Opportunities exist in Canadian infrastructure equity if asset owners tap the country's government-created bank to find and finance new opportunities in the asset class, a bank official said Wednesday.
"We're often asked why pension funds don't invest in Canada," said Bruno Guilmette, board member and former chief investment officer of Canada Infrastructure Bank, at the Association of Canadian Pension Management Conference in Quebec City. "It's because there haven't been a lot of opportunities for private investment in Canadian infrastructure."
What the bank provides, Mr. Guilmette said, is a national infrastructure product inventory list of projects that are looking for private and institutional investment, and loans that will "bridge the investment gap … to help get projects off the ground."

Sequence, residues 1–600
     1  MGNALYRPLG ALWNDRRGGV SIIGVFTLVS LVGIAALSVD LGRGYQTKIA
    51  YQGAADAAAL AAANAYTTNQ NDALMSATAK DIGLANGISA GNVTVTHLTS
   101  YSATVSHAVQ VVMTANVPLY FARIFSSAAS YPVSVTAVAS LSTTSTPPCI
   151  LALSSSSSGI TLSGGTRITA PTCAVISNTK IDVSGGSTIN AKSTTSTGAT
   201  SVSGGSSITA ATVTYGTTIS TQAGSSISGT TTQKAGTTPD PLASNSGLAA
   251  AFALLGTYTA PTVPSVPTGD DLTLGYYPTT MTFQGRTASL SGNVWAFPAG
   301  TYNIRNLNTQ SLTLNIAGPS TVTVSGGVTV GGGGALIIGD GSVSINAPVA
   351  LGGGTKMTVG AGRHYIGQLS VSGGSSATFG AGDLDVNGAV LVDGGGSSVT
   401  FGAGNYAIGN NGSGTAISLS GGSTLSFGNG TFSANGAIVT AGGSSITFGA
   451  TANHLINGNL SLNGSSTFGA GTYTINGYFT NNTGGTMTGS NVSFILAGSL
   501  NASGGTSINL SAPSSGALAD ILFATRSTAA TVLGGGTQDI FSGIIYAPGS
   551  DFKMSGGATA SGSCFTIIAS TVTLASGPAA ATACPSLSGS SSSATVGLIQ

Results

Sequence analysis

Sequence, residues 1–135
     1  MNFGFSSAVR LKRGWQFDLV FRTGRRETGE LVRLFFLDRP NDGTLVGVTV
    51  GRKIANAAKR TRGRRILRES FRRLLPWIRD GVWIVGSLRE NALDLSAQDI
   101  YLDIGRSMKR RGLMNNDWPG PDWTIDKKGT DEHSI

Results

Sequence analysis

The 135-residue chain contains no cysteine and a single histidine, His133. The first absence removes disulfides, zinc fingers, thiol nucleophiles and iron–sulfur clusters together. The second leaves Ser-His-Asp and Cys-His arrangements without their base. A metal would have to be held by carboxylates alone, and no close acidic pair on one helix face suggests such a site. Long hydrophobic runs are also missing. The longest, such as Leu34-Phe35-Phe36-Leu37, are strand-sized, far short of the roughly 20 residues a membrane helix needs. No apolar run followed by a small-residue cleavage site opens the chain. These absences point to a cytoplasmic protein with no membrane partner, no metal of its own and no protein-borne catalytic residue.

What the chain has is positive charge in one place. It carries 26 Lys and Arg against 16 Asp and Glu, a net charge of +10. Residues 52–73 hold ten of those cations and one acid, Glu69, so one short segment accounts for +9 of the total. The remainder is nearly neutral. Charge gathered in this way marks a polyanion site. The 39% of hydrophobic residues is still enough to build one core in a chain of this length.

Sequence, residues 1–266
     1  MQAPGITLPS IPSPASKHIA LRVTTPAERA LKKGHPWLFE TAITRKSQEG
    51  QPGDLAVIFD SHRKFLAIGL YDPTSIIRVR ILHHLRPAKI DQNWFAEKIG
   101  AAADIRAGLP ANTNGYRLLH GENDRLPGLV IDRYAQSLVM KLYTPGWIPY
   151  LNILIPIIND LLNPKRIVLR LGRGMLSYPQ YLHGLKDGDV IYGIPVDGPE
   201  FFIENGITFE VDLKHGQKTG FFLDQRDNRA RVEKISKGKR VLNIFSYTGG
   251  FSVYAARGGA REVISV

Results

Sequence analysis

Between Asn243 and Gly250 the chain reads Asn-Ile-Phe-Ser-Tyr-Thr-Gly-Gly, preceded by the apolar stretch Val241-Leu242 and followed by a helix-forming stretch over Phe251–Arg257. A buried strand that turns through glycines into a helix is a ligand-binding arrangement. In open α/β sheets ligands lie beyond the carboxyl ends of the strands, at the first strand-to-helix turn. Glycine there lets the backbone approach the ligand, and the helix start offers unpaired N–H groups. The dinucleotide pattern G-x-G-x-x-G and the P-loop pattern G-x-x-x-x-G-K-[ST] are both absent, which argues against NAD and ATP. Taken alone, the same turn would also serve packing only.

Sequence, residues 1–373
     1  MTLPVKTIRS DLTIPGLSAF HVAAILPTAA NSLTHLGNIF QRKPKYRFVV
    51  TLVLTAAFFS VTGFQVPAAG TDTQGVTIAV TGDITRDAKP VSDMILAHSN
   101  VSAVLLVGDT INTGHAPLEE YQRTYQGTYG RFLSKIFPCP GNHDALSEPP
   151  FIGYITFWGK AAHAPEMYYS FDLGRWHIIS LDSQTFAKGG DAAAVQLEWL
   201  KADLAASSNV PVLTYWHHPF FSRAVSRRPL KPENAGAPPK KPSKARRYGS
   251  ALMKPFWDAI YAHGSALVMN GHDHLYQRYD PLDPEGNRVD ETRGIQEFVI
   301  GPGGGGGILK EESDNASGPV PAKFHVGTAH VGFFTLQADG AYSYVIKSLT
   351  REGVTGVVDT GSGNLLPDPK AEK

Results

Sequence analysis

The sectors targeted by CIB are green infrastructure, public transit and trade-related transportation, Mr. Guilmette said.
The bank was created in June 2017 to facilitate more private investment in Canadian infrastructure projects. CIB, which has C$35 billion ($26.8 billion) from the federal government but operates independently, provides advisory services to private and institutional investors on potential public infrastructure projects that will produce user-generated revenue once they're completed.
One of the bank's earliest example of assistance is a C$1.28 billion financing deal with the Quebec provincial government and the C$308.3 billion Caisse de Depot et Placement du Quebec, Montreal, to build and operate Reseau Electrique Metropolitain, a 42-mile light-rail transit system linking Montreal with three suburban areas as well as the Montreal-Pierre Trudeau International Airport. CIB's 15-year loan matches the C$1.28 billion contribution of the Quebec government, while Caisse, which manages provincial pension and other assets, will invest C$3.56 billion, Mr. Guilmette said.
The bank is looking for more infrastructure projects as well as institutions seeking financing help to invest in them, he said.